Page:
The update also paves the way for the BBC to roll out a set top box with iPlayer features. Earlier this year the BBC announced plans to roll out the iPlayer software for existing set top boxes including the Nintendo Wii video game console. Now it looks like the BBC might also be planning to build its own box.
The device would work like a Windows Media Extender or an Apple TV, in that you'd plug the box into your television and connect it to your home network so it could access the internet. It's possible that the BBC isn't really planning to put out a box with its own name on it, so much as work with hardware makers to add iPlayer software to future devices that may also be able to access content from other networks, play DVDs, or perform other services. You can think of the box as sort of the BBC version of the Netflix player by Roku.
The new service will be available sometime in the next few months and will be available only to viewers in the UK. You'll also need a broadband connection and you'll have to pay the same £139.50 annual license fee that you pay to watch television in the UK.
Critics have complained that it will be difficult for the BBC to make sure that viewers are actually paying their license fee, which means that television owners could wind up subsidizing free content for people who watch programs on their computers but do not own a TV. Right now there's not a huge number of people trading in their televisions for computers, but then there are aren't very many TV stations providing all of their content for free over the internet.
The BBC may be porting its iPlayer internet television service to the Nintendo Wii and other video game consoles and set top boxes, but for some reason the BBC has ignored the mos obvious way to get web content onto a TV: Windows Media Center.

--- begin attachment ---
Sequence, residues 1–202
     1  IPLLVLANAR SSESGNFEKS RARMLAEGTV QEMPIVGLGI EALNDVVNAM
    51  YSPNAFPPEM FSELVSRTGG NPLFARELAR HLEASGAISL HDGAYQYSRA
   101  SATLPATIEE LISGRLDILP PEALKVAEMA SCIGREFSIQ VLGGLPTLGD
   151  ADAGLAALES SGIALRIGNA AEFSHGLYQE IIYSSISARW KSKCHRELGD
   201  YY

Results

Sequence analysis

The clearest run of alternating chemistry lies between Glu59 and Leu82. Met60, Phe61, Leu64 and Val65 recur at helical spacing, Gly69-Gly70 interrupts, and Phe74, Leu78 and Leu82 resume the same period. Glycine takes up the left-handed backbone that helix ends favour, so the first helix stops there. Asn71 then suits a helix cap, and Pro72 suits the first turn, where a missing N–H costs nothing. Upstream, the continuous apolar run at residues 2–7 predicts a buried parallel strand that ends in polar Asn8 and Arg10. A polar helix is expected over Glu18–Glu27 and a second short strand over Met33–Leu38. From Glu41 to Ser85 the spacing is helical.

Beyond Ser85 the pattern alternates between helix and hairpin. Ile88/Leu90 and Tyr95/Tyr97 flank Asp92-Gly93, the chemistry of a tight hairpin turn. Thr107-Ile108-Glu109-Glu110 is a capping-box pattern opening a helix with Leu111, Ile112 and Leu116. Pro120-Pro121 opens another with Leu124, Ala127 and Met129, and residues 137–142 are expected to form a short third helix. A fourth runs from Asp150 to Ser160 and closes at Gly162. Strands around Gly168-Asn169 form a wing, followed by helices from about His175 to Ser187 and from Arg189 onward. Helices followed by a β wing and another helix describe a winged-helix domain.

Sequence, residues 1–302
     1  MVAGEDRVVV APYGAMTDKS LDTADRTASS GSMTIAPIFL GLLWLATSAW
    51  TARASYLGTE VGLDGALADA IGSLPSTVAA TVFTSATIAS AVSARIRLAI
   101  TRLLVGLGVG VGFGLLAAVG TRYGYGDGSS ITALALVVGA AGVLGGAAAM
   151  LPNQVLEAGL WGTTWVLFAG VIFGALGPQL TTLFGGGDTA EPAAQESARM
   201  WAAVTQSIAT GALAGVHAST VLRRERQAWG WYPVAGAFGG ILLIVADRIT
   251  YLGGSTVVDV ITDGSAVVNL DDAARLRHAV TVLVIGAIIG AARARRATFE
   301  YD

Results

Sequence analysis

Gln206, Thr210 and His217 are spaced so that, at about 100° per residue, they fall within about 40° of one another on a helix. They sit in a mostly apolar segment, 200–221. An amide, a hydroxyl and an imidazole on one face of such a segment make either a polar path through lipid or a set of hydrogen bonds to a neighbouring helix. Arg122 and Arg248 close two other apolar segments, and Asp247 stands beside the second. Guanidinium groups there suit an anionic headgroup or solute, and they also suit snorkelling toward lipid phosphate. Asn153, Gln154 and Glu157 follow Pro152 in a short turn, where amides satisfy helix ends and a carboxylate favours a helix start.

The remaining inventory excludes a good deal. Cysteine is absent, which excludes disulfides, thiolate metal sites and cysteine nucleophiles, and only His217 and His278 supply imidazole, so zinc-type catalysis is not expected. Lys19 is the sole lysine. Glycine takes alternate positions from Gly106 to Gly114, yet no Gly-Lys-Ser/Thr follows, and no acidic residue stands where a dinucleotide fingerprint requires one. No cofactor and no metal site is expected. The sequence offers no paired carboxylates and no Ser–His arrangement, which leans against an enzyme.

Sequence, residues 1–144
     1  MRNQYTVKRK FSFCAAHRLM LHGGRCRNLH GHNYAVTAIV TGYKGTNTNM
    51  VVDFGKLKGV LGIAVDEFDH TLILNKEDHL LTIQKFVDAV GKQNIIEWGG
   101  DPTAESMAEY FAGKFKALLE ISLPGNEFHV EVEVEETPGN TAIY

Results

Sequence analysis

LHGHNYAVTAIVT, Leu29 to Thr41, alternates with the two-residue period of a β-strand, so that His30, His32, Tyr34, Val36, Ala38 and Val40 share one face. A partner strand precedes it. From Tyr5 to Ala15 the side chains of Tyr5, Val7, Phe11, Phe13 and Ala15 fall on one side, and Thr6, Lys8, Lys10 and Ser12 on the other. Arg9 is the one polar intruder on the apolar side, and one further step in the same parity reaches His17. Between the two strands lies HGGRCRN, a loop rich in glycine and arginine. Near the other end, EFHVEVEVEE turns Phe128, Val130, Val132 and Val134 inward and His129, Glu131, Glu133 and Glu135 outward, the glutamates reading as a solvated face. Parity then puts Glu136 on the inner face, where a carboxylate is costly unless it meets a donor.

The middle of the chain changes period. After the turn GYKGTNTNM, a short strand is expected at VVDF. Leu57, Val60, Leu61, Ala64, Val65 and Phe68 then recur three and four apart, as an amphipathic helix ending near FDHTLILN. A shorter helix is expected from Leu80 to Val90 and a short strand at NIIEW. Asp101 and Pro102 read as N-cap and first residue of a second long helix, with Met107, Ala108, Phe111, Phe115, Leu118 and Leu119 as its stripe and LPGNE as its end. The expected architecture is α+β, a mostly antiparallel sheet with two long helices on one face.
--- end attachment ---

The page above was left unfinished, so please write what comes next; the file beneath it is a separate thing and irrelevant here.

Most computers sold today come with Windows Vista Home Premium or Windows Vista Ultimate, which means that they already have Windows Media Center software designed for displaying video and web content on a TV screen. Taking an application like the iPlayer, which is designed for keyboard and mouse navigation, and integrating it with Windows Media Center for remote control navigation should be a breeze. And it turns out, it kind of is. Since the BBC hasn't designed a MCE plugin, developer Martin Millmore made his own.
The plugin isn't perfect yet. While you can navigate iPlayer content with a remote control, Millmore hasn't been able to get programs to play or switch to full screen mode without using a mouse. And of course, the iPlayer service won't work if you don't live in the UK. But that's a feature, not a bug.
[via Ian Dixon]
Either way, it seems pretty clear that UK PS3 users are going to be able to get their hands on the PlayTV before US customers. The devices is designed to work with the UK's digital television system and will not work with US cable, satellite, or over the air television yet. I'm pretty sure we'll see a US launch eventually, but not until afte the UK version is released.
Engadget says the PlayTV will set you back £59.99 or about $120 US whenever it becomes available in the UK.